As part of a concerted effort to entice developers to build applications on top of its cloud platform, ServiceNow this week opened its own app store.

ProgrammableWeb: APIsKemp Technologies LoadMaster

This API from KEMP Technologies facilitates remote access to the LoadMaster load balancing application. LoadMaster is RESTful using standard HTTP GET requests with returns in XML. The API authenticates via HTTP Basic Auth. Use LoadMaster to modify Virtual Services or enable/delete Real Servers and more.
Date Updated: 2015-04-23
Tags: [field_primary_category], [field_secondary_categories]

Jeremy Keith (Adactio)100 words 031

Spring is well and truly springing. The days are getting nice and long. The sky is often clear and blue. The temperature occasionally reaches levels conducive to T-shirt and shorts.

These are good days to be enjoyed by the sea in Brighton. Lately though, I’ve been spending quite a few of these days travelling to and from London on client work. But even then, trapped in a train travelling the vertical line of the compass, the view on the countryside outside can look downright glorious—luminously green fields filled with signs of newborn animal lives illuminated by the springtime sun.

ProgrammableWebDaily API RoundUp: Bing Maps, Flowplayer, CloudMade

Every day, the ProgrammableWeb team is busy, updating its three primary directories for APIs, clients (language-specific libraries or SDKs for consuming or providing APIs), and source code samples.

ProgrammableWebHow APIs are Improving Publishing Efficiency

APIs have a wide range of uses, from allowing us to play games on Facebook to transferring information securely between financial institutions to synchronizing bank data.

ProgrammableWebGoogle Enables JSON Search History Downloads

Earlier this year, Google quietly added the ability for users to export and download their search histories. By default, and as one would expect, the search giant tracks all of the searches logged-in users make. Previously, it had given users the ability to view their search histories, but now users have access to the raw data.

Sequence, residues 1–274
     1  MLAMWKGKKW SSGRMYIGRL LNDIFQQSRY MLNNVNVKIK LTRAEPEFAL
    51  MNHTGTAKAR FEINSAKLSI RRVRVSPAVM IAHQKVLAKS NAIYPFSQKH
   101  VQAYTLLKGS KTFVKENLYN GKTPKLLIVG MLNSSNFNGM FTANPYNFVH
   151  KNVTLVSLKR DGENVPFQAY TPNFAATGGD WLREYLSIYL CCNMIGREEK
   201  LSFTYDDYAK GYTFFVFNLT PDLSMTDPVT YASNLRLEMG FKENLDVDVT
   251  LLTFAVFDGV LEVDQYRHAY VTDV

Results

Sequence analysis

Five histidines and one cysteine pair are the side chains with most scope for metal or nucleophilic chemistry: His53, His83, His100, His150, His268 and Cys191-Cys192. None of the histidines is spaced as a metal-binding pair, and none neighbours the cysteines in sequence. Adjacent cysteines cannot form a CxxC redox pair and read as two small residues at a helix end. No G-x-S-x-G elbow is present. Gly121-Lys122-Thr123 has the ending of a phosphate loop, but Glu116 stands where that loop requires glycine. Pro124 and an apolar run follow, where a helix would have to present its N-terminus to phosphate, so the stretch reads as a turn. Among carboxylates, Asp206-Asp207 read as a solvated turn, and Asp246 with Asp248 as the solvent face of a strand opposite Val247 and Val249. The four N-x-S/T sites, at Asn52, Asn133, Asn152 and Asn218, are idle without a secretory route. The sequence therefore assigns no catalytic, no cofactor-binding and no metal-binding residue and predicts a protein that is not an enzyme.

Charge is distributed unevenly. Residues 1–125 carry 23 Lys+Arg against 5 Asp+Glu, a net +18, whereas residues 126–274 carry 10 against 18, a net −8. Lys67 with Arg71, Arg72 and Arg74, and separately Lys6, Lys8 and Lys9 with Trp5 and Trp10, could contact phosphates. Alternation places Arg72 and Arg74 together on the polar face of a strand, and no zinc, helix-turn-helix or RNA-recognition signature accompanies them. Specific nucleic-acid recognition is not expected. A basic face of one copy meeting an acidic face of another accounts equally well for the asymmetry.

ProgrammableWebOct8ne Releases API Access to its Coviewing Technology

Oct8ne has released an API that gives e-commerce sites access to its Coviewing technology. Oct8ne developed Coviewing as a real-time visual solution that online sales agents can utilize to enhance the consumer experience.

Jeremy Keith (Adactio)Complete line-up for Responsive Day Out 3

The circle is now complete. The line-up for the third and final Responsive Day Out is all set.

I’ve been scheming behind the scenes to get one of my favourite speakers added to the roster, and now my dastardly scheme has paid off. I am absolutely thrilled to announce that Lyza Danger Gardner will be speaking at Responsive Day Out 3: The Final Breakpoint.

That means we’ve got a double-whammy from the trailblazers at Cloud Four with both Jason and Lyza speaking. With Jason diving deep into responsive images, that leaves Lyza free to zoom out and look at some of the big-picture implications of the work we do on the web.

To say that I’m excited to hear what she has to say would be an exercise in understatement. I am ridiculously excited about the whole day—seriously, in my emails to the speakers, I find myself using far more exclamation points than is healthy. Why, I might even have included an emoticon or two; that’s how psyched I am.

If you’ve already got your ticket for a Responsive Day Out, well done you. If you haven’t, what are you waiting for? Tickets are just £80+VAT—a bargain!

Get your ticket now and I’ll see in Brighton on June 19th for a most excellent day of design, development, UX, performance, process, and everything else responsive-related.

ProgrammableWeb: APIsAmazon WorkSpaces

The Amazon WorkSpaces API is one of Amazon Web Services many tools for developers to use. This API aids in creating, describing, rebooting, rebuilding, and terminating workspaces. There are several data types that the actions can use. The Amazon Workspaces API Developer Guide provides all the information developers will need to utilize these features of Amazon Web Services.
Date Updated: 2015-04-22
Tags: [field_primary_category], [field_secondary_categories]

ProgrammableWeb: APIsSpectra Logic DS3